I met a fox today, hiking home on the Ridge Trail. This is our first truly sunny day at the Djerassi Ranch, and I chose, perhaps unwisely, to pack a lunch and go exploring for natural pigments. On the way back, I was struggling with an incline, drenched with sweat, stopping for rest at every small pocket of shade along the path. I came over a small rise and there he was, three short paces away, frozen in the middle of the path. He seemed as surprised as I to share this moment in the woods.
Scientific Delirium Madness, Djerassi 2018. An Essay
Here on the ranch, on the western side of the Santa Cruz mountains, the sea mist begins its slow roll back towards the Pacific Ocean.
We saw breakers yesterday out at San Gregorio, a flash of white foam on the horizon, the rest of the ocean blanketed in fog. Drove the Skyline through the Redwoods, past old Methuselah. A tree so old and big we had to stop, all be it briefly, to stand with our mouths agape trying to see the top.
While writing a novel at Djerassi, I've been drawn sideways to create a phootographic work capturing the creative fire and awe induced by this place.
As a writer of a novel, experiencing the first week of the Djerassi Resident Artists Program has been both distracting and provocative.
You know you’re desperate when you start writing a screenplay. But that seemed the only option left to Frank Malina and Jack Parsons as they struggled to build their rockets in Pasadena in 1937. Malina, a Caltech aeronautics grad student, was just 25 years old. Parsons, a self-taught chemist, was only 23. They had been brought together two years before by their shared belief that rockets were the only technology that could transport mankind into outer space. In this belief, however, they were quite alone. No university, corporation, scientist, or politician in America thought there was any future in rockets. Most believed that travel off the planet was impossible. There was no money, no facilities, no textbooks to help them. But there was Hollywood.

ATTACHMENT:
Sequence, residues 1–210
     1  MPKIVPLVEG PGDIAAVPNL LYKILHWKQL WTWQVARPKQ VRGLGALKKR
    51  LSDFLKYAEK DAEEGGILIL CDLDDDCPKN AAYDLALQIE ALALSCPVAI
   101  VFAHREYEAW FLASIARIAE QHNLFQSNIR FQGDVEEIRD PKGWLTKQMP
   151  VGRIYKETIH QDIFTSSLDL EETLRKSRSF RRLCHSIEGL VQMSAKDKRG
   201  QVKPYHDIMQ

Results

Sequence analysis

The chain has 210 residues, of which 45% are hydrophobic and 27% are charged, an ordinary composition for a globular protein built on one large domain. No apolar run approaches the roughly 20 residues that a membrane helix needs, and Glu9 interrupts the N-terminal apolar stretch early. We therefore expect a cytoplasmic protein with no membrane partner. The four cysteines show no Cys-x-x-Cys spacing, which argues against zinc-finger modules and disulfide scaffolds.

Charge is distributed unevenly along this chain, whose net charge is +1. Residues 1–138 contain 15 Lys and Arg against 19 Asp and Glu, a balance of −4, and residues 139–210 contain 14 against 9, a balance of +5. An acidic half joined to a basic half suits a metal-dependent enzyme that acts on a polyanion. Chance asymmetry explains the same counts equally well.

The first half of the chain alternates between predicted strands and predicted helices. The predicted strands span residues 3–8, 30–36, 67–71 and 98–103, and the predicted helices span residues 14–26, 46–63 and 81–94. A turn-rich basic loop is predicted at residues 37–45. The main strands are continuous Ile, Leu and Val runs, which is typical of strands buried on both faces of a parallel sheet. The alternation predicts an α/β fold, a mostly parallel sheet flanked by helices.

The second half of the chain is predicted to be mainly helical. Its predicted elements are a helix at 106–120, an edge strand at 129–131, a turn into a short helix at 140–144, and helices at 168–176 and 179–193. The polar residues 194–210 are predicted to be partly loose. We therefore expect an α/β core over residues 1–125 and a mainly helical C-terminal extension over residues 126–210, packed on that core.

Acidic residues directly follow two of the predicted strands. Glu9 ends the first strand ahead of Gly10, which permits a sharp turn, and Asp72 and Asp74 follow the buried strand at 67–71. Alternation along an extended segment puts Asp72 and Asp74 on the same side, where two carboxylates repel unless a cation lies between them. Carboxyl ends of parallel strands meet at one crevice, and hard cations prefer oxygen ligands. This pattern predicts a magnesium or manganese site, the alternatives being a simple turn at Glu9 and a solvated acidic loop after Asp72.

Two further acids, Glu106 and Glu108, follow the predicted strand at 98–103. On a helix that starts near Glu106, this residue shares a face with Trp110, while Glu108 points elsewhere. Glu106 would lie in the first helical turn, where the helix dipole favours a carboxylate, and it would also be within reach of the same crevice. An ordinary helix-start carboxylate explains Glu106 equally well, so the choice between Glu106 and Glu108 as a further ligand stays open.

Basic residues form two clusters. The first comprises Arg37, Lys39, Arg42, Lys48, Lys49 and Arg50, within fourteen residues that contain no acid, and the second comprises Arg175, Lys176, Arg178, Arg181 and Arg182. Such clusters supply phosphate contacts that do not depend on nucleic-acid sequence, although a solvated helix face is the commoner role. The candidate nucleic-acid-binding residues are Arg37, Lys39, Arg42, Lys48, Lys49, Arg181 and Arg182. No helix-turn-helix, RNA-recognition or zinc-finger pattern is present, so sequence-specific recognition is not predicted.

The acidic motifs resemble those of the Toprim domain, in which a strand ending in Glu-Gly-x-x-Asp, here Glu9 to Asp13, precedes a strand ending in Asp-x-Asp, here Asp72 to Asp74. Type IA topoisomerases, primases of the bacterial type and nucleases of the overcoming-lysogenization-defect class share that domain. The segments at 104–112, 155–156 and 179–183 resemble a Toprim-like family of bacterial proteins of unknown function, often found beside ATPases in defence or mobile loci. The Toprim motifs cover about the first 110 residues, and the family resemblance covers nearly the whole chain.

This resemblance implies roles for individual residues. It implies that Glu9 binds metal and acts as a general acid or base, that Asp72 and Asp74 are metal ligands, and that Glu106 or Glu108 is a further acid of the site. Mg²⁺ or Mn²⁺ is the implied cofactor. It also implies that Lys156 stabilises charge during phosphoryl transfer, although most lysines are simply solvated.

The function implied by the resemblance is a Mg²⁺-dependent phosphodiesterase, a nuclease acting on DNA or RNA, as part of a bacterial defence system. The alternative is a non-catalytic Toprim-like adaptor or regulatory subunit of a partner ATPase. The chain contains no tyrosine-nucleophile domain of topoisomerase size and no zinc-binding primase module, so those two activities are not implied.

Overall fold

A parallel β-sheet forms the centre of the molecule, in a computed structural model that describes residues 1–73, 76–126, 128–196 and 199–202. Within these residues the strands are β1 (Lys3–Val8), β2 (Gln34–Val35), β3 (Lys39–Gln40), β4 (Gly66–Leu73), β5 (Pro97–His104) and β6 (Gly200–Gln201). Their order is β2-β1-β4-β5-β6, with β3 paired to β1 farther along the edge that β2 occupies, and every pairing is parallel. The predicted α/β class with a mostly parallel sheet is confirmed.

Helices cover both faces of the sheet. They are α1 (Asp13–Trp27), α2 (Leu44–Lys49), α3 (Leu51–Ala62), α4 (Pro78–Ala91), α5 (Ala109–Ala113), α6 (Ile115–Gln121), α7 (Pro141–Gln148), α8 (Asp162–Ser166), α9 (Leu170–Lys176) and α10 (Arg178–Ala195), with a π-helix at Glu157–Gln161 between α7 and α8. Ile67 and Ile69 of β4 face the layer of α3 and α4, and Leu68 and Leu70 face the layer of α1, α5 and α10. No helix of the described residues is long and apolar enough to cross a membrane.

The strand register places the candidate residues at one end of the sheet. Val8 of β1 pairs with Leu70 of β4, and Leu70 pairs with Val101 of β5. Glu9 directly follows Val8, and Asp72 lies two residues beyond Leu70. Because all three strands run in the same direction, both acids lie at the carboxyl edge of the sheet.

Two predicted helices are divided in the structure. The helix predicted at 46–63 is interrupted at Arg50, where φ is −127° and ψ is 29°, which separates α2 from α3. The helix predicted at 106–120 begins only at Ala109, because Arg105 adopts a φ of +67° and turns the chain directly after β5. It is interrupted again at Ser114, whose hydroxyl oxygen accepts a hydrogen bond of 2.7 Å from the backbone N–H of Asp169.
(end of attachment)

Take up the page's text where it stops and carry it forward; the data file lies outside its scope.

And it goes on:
A 2018 fellowship has been awarded to Sarah Rosalena Brady, a 2018 UCLA Media Arts graduate.
Leonardo/ISAST is proud to announce our partnership with Zhuangshi, the Chinese Journal of Design, published through Tsinghua University, Beijing, China. Zhuangshi's March 2018 issue includes a special section commemorating Leonardo journal's 50th anniversary with articles selected from Leonardo's history.
Sho-Joung Kim-Wechsler and co-founder Linda Helen Gieseke brought the first If So, What? art and design festival to San Francisco on 26–29 April 2018. The festival aimed to foster discussions within the Silicon Valley community about the intersections of art, design and technology.
As a result of 50 years of publishing work on the cutting edge, Leonardo has become the leading international peer-reviewed journal on the use of contemporary science and technology in the arts and music and, increasingly, the application and influence of the arts, design and humanities on science and technology.
Grab Leonardo’s I AM ART AND SCIENCE 50th Anniversary Facebook Frame!
Join our 50th anniversary celebration on Facebook by adding a frame to your profile picture. And Like us on Facebook.
How to add Leo's frame:
1. Go to your Facebook Profile page
2. Click on your profile image